There is a well-known phrase that goes back to Saint Vincent of Lerins (died AD 445) that goes as follows: “In Essentials unity, in Non-Essentials liberty, and in all things Charity.” And, in principle, the idea is a good thing. Confessing Christians are commanded in scripture to treat one another with love — ἀγάπη (agape) even. Those who cannot or who will not act with love toward other Christians are not really Christians in the first place (1 John 3:14-15). Further, there are plenty of areas in which we might disagree with Christian brothers (the application of this verse or the interpretation of that passage) and no essential piece of theology is altered. I remember the first time that I preached the “Parable of the Steward of Unrighteousness” (Luke 16:1-13). At the time, I was in seminary still and looked up 17 different commentaries on the parable and each commentator approached the text differently. Go figure…
The real problem with this phrase of St. Vincent is not the latter two clauses, but the initial clause. What defines the “Essentials of the Faith.” Or perhaps, to use more Biblical phraseology, what defines the “Faith once and for all time delivered to the saints.” What points of doctrine are we compelled to be united on lest the Christian faith be lost and we fall into outright heresy? This is a somewhat more hotly debated question.
Some theologians tend toward a more minimalistic approach — if we can all agree on the Apostles’ Creed, we can claim that we are Christians. Yet, Mormons would claim to hold to the Apostles’ Creed and even most mainstream denominations would identify the Church of Jesus Christ of the Latter Day Saints as a cult and not as a Christian denomination. Why is that? It is because the LDS church has redefined some of the terminology to suit their theological views.
Others have suggested that the four so-called Ecumenical Creeds together form this Essential view (Apostles’ Creed, Nicene Creed, Athenasian Creed, and the Christological Statement of Chalcedon). These four certainly draw us much closer to the answer and add some much-needed definitions to the terminology of the Apostles’ Creed. Yet, the Pope would affirm these four Creeds and most protestants would argue that the Pope is in serious error and many of us (particularly in the Reformed school of thought) would argue that the Pope is an antichrist.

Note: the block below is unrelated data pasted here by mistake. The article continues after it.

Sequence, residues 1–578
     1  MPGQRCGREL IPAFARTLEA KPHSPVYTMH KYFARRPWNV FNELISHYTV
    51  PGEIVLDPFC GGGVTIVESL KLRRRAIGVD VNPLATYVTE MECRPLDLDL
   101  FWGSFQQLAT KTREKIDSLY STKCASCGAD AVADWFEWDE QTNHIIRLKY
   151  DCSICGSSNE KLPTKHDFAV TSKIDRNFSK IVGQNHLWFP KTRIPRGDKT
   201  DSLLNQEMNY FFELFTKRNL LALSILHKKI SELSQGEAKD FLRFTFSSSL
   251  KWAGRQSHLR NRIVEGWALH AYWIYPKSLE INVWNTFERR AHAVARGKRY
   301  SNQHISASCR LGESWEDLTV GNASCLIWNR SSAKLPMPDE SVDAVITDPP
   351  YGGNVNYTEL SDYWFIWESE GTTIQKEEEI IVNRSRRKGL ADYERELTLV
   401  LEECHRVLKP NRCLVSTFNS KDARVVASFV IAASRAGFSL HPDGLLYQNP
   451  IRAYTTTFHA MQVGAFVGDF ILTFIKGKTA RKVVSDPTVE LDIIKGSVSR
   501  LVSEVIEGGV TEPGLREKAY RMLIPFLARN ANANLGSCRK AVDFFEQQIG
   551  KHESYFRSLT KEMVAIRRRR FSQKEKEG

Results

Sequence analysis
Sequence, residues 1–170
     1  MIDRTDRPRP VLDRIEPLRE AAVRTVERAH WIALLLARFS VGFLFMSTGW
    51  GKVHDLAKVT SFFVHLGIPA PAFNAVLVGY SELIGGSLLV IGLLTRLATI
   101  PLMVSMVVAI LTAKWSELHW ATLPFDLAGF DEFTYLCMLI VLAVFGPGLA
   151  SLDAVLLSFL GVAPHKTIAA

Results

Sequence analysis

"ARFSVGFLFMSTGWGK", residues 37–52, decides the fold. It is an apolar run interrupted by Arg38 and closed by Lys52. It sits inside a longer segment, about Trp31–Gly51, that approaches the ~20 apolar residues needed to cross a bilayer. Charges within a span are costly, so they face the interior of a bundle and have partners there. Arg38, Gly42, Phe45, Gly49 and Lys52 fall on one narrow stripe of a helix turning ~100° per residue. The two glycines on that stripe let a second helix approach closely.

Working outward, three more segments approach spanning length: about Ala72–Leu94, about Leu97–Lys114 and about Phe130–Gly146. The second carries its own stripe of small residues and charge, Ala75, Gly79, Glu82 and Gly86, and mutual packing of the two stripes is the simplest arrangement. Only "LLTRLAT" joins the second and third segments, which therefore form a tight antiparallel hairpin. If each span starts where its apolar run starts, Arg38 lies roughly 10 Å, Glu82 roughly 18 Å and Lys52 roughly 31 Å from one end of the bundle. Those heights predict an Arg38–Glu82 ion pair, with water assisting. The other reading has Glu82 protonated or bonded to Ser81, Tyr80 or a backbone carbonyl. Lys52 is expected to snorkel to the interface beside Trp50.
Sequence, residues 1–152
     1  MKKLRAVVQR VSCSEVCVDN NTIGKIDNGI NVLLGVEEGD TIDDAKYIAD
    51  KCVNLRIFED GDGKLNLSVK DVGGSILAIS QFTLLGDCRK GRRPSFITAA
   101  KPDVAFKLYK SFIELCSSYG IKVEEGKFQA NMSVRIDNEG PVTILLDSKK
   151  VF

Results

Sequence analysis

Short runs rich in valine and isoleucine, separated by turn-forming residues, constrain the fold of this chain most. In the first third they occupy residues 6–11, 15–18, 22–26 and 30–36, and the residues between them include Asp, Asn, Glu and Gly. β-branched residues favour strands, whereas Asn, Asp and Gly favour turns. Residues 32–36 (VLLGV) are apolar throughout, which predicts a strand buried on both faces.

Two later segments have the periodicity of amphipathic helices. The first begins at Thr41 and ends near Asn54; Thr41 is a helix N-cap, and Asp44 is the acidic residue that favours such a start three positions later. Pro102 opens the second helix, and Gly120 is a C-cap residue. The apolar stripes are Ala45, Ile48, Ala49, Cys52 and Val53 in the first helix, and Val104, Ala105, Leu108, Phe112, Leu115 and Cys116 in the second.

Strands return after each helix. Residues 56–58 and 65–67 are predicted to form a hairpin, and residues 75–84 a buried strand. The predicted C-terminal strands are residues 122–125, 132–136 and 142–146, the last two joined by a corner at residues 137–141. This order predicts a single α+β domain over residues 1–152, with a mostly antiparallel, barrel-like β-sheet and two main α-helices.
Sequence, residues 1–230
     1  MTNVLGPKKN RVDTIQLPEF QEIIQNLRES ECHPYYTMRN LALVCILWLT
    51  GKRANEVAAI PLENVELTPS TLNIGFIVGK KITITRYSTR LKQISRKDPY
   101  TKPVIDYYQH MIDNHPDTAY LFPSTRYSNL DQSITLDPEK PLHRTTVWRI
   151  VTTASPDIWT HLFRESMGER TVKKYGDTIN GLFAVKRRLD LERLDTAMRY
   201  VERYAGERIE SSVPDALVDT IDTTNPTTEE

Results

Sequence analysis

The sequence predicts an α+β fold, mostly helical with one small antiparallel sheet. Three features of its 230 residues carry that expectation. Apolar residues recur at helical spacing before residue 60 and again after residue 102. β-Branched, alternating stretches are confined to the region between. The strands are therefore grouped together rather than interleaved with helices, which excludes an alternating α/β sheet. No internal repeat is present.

So, where do we go next? While the next logical step is to appeal to the Confessions of the Church, we must be reminded that the purpose of a Confession is to clarify distinctions between Christian bodies, so confessions unapologetically cover things that may not fall into the realm of “Essentials.” So, that still leaves us asking the question, “Where is our starting point when it comes to Essentials?”
The answer has to fall back to looking at the Bible — the sixty-six books that comprise the Old and New Testaments. But, we need to go a little further than that. We ought to clarify that it is these books, treated as the inspired, inerrant, and infallible Word of God, consisting and treated as a unified whole, not a collection of disparate books gathered by the church. When the Scriptures become our starting point and our only rule for faith and practice, we now have a substantial basis upon which essentials can be distinguished.
The Bible is also the only place where we can know the Gospel. Gospel, of course, is a word that is used rather broadly — it refers to the four books that begin the New Testament and it also refers to the message of salvation we might would use in evangelism. In its most basic sense, though, the word means “Good News” and the Gospel (in that sense) is the whole of the Bible as the Bible contains the good news of God’s redemption of man throughout history. Beginning to end, it is the only place where we can discover the good news of the forgiveness of sins and a hope for eternal life. That is our Essential — everything else we hold flows out of this one book.